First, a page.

THEME: "Torn Fabric" — theme answers contain a hidden type of fabric, and the fabric's name is "torn" by being split among two words in a phrase
Crosswordese 101: On day 3 of this blog's infancy, I mentioned the crosswordese nature of the word APER. The way crosswords abuse the verb ape is nearly criminal, I tell you. Behold 81D: Mimics (APERS). Who uses that? Who says that Rich Little or the late Vegas impressionist Danny Gans was good at APING? Who described their performances as APISH? Nobody. My dictionary tells me that APISH means "resembling or likened to an ape in being foolish or silly," or "resembling an ape in appearance." But if you're inside the realm of crosswords, APER, APERS, APERY, APING, and APISH are all about mimicry and imitation.
- 23A: As it was formerly known, channel with the slogan "play every day" (GAME SHOW NETWORK). I feel as though different fabrics can be made into MESH, but that mesh per se is not a fabric. Can any textile-savvy folks confirm or deny?
- 32A: "Enough!" (THAT WILL DO). Hidden TWILL. I want to elide the phrase into Farmer Hoggett's "That'll do, pig" from Babe.
- 43A: Waldo of kids' books, e.g. (HIDDEN IMAGE). Hidden DENIM, wily hidden Waldo. If he were stepping out on Mrs. Waldo, it would take an eagle-eyed P.I. to track his movements. Here's a cartoon envisioning the birth of Waldo's baby.
- 60A: Couldn't rush at rush hour (SAT IN TRAFFIC). Smooth SATIN.
- 82A: "That used to be the case" (NOT ANY LONGER). Hidden NYLON. Phrase feels mildly iffy as crossword fill goes.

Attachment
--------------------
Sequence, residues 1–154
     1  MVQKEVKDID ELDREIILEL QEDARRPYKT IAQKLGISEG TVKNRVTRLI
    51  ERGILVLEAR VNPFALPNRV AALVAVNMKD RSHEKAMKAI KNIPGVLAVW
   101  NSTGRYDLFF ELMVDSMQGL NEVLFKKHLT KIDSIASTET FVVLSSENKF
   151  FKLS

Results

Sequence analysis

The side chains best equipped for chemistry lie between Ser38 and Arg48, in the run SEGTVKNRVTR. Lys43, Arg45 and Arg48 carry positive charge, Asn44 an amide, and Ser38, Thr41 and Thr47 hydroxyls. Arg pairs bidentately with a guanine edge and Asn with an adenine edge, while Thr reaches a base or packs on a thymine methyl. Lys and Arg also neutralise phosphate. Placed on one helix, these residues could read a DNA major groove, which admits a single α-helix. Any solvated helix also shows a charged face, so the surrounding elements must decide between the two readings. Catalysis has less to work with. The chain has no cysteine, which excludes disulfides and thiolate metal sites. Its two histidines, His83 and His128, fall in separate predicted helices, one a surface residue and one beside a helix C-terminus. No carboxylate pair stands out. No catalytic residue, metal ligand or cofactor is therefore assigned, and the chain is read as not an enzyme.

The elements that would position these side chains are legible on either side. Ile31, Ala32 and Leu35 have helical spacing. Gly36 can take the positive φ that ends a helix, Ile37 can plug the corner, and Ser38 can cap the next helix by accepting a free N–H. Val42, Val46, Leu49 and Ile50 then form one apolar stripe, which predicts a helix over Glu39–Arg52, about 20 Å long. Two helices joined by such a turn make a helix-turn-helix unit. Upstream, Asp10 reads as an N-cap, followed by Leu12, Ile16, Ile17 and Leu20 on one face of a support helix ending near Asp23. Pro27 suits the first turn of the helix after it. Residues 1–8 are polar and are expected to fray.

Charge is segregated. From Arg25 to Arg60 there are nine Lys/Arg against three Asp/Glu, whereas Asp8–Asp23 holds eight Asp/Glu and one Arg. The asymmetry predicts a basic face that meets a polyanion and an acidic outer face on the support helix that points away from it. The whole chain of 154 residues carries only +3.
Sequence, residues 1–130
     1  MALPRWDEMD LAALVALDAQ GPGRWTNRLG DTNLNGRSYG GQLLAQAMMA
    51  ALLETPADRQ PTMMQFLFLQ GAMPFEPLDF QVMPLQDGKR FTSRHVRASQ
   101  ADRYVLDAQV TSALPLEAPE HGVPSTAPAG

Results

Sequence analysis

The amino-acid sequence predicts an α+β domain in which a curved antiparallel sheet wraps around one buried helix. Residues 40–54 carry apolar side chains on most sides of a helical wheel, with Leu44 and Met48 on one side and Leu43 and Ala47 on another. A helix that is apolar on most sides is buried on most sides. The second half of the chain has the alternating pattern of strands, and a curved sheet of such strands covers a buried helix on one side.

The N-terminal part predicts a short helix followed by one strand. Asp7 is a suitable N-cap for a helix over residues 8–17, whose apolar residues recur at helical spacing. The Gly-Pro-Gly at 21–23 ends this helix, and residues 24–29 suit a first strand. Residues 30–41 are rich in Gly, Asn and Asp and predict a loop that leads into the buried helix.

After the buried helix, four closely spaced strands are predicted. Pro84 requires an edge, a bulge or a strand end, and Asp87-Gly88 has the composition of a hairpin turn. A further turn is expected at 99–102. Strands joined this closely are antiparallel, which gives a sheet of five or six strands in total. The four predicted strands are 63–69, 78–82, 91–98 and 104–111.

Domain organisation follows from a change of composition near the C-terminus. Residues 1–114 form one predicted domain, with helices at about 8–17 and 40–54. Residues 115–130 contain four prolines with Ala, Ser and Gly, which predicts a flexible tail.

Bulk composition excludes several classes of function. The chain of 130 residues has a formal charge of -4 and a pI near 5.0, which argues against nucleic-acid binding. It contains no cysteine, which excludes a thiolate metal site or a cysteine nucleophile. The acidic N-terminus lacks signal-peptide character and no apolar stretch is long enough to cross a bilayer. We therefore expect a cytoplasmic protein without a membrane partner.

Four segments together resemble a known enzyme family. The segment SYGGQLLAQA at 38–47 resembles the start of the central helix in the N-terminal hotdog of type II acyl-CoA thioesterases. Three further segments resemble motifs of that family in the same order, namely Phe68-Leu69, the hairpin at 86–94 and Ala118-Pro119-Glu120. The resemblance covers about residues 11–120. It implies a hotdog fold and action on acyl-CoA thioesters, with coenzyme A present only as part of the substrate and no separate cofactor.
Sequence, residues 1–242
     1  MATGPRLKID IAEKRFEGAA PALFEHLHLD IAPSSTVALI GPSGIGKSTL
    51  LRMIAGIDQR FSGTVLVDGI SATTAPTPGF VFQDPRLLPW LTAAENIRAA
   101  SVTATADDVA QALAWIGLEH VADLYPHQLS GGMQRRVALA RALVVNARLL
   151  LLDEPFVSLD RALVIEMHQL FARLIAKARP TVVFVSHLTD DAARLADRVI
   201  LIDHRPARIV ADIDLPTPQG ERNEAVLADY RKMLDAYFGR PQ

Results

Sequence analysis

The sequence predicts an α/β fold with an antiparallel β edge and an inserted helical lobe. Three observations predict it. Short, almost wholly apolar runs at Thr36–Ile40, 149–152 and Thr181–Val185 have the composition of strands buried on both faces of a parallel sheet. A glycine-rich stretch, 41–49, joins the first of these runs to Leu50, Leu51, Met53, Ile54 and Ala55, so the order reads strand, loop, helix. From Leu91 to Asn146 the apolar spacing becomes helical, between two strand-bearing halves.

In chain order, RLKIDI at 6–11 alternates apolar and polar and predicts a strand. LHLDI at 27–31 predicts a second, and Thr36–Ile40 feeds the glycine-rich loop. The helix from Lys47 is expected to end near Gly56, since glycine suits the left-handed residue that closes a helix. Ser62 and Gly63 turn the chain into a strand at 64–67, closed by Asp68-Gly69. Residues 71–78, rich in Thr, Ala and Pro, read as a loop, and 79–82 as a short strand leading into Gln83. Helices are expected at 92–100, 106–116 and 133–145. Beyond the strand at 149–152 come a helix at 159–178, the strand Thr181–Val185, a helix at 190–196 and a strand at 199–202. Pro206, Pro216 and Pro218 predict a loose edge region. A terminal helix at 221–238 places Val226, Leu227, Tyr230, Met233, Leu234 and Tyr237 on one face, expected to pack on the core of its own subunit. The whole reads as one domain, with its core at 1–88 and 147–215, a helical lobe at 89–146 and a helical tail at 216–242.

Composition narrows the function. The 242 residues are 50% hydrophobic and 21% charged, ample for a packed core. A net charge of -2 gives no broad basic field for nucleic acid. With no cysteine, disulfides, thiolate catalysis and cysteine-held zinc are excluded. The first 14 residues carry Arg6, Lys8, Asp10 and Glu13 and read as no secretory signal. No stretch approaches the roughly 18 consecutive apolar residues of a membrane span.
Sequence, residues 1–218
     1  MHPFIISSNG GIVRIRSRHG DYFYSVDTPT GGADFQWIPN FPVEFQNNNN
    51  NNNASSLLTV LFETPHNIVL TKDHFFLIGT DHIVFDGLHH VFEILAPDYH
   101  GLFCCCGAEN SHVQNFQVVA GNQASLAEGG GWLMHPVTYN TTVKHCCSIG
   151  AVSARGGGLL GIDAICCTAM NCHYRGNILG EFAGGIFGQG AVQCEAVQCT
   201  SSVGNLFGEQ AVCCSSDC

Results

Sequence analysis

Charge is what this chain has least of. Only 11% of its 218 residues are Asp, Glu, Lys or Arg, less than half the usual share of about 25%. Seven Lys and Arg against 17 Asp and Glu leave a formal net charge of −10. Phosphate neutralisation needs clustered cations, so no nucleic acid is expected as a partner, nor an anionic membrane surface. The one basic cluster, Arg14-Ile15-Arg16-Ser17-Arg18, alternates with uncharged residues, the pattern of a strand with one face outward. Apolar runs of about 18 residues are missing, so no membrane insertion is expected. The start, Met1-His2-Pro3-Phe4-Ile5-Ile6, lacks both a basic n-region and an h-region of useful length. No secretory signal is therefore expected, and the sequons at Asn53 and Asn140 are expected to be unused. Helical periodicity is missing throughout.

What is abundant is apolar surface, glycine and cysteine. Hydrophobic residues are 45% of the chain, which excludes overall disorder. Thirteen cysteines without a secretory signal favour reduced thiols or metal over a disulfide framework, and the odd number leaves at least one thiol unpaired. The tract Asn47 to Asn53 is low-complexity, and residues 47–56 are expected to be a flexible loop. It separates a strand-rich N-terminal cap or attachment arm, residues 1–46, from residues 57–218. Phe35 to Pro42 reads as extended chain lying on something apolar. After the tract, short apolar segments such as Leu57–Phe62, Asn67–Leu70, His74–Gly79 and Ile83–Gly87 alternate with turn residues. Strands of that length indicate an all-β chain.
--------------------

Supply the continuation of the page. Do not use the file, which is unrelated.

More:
- 96A: It can be seen from the Seine (EIFFEL TOWER). FELT is used pretty much just for hats and kids' crafts projects, isn't it?
- 103A: Safe bronzing product (SPRAY-ON TAN). Hidden RAYON.
- 123A: The Seattle Post-Intelligencer, e.g. (ONLINE NEWSPAPER). Hidden LINEN. Ooh! An au courant clue, as the Post-Intelligencer ceased its dead-tree version and went online-only just a few weeks ago. This isn't an answer that could have existed a few years ago.
- 42A: Cutter's cousin (SLOOP). I suspect the sailing-related content in crosswords is way out of proportion to sailing's relevance in most solvers' lives.
- 117A: Seasonal dancing center? (MAYPOLE). Timely, as we all just danced around maypoles on Friday. Didn't we? No? The closest I got was a Facebook friend mentioning that "The Safety Dance" video includes some maypole dancing:
- 129A: Corpse sniffer of film (ASTA). A horrific clue for crossworddom's favorite cinematic pooch, Nick and Nora Charles's dog ASTA.
- 33D: Pub proposal (TOAST). As in "I'd like to propose a toast."
- 34D: "I can hardly wait!" (OH BOY). Back in the day, this sort of answer rarely appeared in crosswords but now it's commonplace. Oh, boy!
- 36D: Circ. info holder (CD-ROM). I was thinking circ. = circulation but on further thought, it may be short for circular. CDs are indeed circular.
- 59D: Biblical lion wrestler (SAMSON). First thing that came to my mind was Hercules and the Nemean lion—wrong story!
- 69D: Track long shots (NAGS). No NAGS running in the Kentucky Derby on Saturday. I'm not remotely into horseracing, so I found it hilarious that the the horse favored to win was scratched and didn't compete. Hey, if you're gambling on sports, I'm going to think it's funny when things don't go your way.
- 80D: Subject of Randy Wyatt's play "Synonymy" (ROGET). Have any of you seen or read this play? Or even heard of it? It's new to me.
- 84D: '60s protest (LIE-IN). Whoops. I started with SIT-IN. Then I wanted DIE-IN. BE-IN and LOVE-IN wouldn't fit. Nope, LIE-IN was not high up on my list.
- 107D: Abbr. between a first and last name, maybe (NMI). Stands for "no middle initial."
- 114D: Foot part (INCH). I went with ARCH first. Whoops, wrong kind of foot. High fives to everyone who tried ARCH, SOLE, HEEL, or TOES.
- 119D: Bee's charge? (OPIE). That's Aunt Bee on The Andy Griffith Show, charged with watching over her nephew's son OPIE, played by Ron Howard as a boy.